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US NRC procedures impede congressional fact-finding: senator


New internal commission procedures adopted in September by the US NuclearRegulatory Commission are impeding congressional oversight and fact-finding,Senator Barbara Boxer, Democrat-California, said during a hearing Thursday.

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Boxer, chairwoman of the Senate Committee on Environment and PublicWorks, which oversees NRC, said in her opening statement that the agency "hasrecently made a unilateral and disturbing change to its policies on providinginformation to Congress."

"The NRC's previous policy provided documents to members of Congressserving on committees with NRC oversight authority and to members requestinginformation about nuclear facilities in their states or districts," she said."Without notifying the EPW committee and -- I believe acting outside of theNRC's authority -- the commission issued a new policy with substantial hurdlesand delays that could even be used to withhold information entirely from thechairs and ranking members of oversight committees."

Boxer said "[t]he new policy allows the NRC to broadly deny informationto individual members of Congress, even when the information is related tomatters affecting their home states."

Boxer pointed to her ongoing investigation of the closed San Onofrenuclear power plant in California as an example of the importance ofcongressional oversight.

"Just this week, NRC personnel attempted to restrict my staff's review ofrecords that I had requested related to the ongoing San Onofre investigationand even told my staff that they could be searched to ensure they had nottaken any documents," she said.

"Let me be clear -- no form of agency intimidation or obstruction will betolerated in this committee's investigation or its constitutional oversightresponsibilities," Boxer said.

"Action will be taken if you do not reverse your policy," she saidwithout elaborating.

Boxer also objected to the heavy foreign travel schedule of somecommissioners, saying that it has impeded oversight hearings, and that shewill request a full accounting of commissioners' foreign travel.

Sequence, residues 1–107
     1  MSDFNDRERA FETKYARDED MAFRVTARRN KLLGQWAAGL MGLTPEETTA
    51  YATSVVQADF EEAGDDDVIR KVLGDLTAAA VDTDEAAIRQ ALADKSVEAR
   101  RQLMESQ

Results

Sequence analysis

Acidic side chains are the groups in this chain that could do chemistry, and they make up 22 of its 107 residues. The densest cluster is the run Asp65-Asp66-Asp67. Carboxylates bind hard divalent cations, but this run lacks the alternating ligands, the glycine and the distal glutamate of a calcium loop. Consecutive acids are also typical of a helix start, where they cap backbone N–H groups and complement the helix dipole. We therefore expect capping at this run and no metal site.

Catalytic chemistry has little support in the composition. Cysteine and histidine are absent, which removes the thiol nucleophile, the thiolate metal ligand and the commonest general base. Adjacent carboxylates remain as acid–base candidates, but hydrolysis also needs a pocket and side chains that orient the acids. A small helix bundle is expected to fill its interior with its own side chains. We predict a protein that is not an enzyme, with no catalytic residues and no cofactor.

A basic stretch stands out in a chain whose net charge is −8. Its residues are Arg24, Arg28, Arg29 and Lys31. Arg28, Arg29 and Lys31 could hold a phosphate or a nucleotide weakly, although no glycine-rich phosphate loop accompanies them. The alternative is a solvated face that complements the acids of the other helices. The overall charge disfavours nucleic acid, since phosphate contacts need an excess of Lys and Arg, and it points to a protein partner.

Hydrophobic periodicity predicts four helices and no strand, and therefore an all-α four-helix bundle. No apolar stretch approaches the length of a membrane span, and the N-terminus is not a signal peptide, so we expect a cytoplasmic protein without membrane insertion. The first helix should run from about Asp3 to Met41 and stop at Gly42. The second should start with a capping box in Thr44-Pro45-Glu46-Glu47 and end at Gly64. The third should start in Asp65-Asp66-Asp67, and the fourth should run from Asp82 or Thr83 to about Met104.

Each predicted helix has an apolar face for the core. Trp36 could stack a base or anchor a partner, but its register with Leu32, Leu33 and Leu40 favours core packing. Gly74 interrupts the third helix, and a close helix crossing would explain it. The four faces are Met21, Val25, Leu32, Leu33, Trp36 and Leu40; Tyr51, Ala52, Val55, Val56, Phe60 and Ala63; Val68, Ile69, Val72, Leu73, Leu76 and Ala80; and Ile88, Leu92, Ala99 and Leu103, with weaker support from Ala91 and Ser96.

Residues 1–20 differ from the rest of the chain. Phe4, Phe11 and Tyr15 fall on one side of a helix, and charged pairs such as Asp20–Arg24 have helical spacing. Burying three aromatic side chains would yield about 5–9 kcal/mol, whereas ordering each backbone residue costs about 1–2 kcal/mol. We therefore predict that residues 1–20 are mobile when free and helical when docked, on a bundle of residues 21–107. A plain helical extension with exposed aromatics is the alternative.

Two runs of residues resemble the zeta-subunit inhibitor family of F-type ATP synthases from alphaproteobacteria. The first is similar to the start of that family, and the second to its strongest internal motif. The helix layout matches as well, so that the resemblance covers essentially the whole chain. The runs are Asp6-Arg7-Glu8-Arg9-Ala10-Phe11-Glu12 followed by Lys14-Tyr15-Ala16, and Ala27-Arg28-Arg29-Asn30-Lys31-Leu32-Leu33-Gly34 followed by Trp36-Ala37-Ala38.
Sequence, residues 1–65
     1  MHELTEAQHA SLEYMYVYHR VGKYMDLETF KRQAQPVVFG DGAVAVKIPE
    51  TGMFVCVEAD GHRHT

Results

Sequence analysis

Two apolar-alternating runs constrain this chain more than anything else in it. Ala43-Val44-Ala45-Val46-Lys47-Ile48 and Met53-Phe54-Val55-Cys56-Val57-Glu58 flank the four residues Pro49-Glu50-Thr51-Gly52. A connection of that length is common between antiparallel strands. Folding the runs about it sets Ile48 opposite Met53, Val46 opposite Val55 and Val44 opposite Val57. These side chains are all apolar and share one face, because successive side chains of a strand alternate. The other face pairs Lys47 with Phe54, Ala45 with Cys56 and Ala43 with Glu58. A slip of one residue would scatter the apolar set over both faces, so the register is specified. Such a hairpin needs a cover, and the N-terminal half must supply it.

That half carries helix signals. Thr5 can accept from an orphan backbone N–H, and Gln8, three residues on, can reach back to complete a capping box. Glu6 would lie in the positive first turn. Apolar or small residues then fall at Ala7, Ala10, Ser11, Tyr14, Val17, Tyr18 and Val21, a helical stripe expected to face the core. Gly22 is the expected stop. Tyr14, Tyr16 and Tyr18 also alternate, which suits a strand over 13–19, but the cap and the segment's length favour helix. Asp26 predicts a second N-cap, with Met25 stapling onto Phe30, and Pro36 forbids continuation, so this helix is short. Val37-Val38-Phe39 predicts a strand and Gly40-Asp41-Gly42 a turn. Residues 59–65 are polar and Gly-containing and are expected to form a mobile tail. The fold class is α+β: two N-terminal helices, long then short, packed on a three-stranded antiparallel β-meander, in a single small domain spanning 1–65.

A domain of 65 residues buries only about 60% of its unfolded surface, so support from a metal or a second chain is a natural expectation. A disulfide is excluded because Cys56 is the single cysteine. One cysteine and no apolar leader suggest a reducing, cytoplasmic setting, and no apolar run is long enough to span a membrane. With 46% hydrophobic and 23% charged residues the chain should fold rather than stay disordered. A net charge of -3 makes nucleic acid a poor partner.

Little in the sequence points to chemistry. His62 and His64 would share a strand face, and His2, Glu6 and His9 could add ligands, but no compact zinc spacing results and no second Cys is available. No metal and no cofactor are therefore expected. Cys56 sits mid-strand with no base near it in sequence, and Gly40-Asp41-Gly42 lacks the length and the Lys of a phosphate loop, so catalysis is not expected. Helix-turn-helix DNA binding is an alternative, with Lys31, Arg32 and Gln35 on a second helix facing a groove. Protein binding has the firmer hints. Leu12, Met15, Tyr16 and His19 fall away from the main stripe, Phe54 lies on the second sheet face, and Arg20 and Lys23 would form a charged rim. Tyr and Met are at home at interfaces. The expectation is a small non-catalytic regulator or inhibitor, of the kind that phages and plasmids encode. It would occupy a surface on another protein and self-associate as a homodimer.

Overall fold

Boxer did not mention any commissioners by name.

The hearing was adjourned due to Senate floor action before anywitnesses, including NRC Chairwoman Allison Macfarlane, could testify. Acommittee staffer said the hearing will be rescheduled after the Thanksgivingholiday recess.

Macfarlane told reporters after the hearing that the changes in thecommission's internal procedures have not and will not affect the ability ofCongress to get information from the agency and oversee NRC.

"We've heard the concerns of the chairman, and I think in general there'sa misunderstanding," Macfarlane said. "There aren't terribly significantchanges."

Macfarlane described the changes as only affecting "sensitive documents,"which she said represent "very few" of the documents requested bycongressional staff.

"We are very aware of our obligation to be responsive to our oversightcommittees and to Congress in general," she said. "Nothing's changed inregards to our providing documents and information to Congress."

Macfarlane denied NRC staff had threatened to search congressionalstaffers.

"We would never say such a thing," she said.

Macfarlane disagreed with Boxer's characterization of NRC's survey,saying the survey concluded the agency's revised policy was "less restrictive"than that of many other federal agencies.

NRC will work with Boxer to address her concerns, Macfarlane said. Shedeclined comment on whether the documents in question related to the SanOnofre plant.

--Steven Dolley, by Annie Siebert,